Monday, March 23, 2015

Letnar Černič & Van Ho: Human Rights and Business: Direct Corporate Accountability for Human Rights

Jernej Letnar Černič (Graduate School of Government and European Studies, Slovenia) & Tara Van Ho (Essex Business & Human Rights Project) have published Human Rights and Business: Direct Corporate Accountability for Human Rights (Wolf Legal Publishers 2015). Here's the abstract:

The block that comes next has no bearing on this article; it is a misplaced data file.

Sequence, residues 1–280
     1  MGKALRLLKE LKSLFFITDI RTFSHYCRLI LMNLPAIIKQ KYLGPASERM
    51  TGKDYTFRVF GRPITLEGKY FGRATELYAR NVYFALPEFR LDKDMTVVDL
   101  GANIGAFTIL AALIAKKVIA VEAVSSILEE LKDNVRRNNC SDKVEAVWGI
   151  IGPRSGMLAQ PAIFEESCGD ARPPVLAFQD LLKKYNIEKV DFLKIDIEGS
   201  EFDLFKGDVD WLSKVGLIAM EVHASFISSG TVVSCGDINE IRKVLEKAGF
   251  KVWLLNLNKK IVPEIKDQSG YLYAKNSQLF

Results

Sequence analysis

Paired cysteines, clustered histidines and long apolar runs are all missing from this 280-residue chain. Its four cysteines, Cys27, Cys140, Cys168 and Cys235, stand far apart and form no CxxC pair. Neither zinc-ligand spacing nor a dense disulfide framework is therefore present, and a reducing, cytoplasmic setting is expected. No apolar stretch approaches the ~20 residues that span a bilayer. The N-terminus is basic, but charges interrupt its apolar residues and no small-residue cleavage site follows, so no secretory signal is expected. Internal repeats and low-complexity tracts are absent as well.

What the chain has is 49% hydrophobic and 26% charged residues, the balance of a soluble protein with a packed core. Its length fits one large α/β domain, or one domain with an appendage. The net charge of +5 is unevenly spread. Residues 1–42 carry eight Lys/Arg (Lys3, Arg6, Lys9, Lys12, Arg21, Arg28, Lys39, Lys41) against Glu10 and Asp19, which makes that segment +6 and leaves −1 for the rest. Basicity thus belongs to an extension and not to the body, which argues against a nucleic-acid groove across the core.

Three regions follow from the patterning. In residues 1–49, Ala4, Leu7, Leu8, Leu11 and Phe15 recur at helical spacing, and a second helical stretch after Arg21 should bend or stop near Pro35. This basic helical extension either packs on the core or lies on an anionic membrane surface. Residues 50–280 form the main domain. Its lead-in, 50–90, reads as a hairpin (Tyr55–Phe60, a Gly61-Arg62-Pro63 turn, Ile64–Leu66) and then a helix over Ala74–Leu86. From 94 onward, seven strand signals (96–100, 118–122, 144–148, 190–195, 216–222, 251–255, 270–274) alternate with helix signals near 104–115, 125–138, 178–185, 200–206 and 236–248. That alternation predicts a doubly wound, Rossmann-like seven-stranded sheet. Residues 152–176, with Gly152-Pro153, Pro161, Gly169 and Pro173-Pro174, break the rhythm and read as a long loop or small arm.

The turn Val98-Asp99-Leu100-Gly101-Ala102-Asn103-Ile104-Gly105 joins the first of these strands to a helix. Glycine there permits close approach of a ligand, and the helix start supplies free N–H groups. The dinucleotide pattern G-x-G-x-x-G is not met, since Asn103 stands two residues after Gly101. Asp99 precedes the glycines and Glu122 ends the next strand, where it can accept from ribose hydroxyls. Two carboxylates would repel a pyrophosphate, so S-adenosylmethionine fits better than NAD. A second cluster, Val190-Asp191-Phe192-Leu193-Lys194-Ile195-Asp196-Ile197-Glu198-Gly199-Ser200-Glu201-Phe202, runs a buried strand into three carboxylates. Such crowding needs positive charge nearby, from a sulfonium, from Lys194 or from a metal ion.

The global business environment has changed rapidly in the past decades, but the human rights and business discourse has often lagged behind. At the international level, hard law regulations still seem decades away. United Nations initiatives such as the Guiding Principles and the UN Working Group on the issue of human rights and transnational corporations and other business enterprises are more than a step in the right direction. However, they alone are insufficient to prevent violations and ensure victims receive justice. This edited book uses a broad and pluralistic understanding of direct human rightsobligations, concentrating on legally enforceable standards. The enforceability can come directly from international law, through national legislation, or through non-state actors. The contributions engage both with the law as it is as well as the law as it needs to be developed. In doing so, the book challenges the current reticence to recognise direct human rights obligations of corporations by highlighting the various tools already available for remedying corporate human rights impacts while pushing for the development of further mechanisms.This book and its contributors have followed pluralistic approaches to human rights and business. The book builds on existing literature, but also off ers a unique contribution by considering the eff ectiveness and availability of current mechanisms as well as discussing gaps in the existing framework for human rights protection. The approach in this book allows for a clearer understanding of the global human rights framework, and the manner in which voluntary and binding initiatives can reinforce one another. By weaving together analysis on the current standards and practices with critical approaches, this book allows scholars and practitioners to capture the complexity of holding businesses accountable fortheir human rights impacts.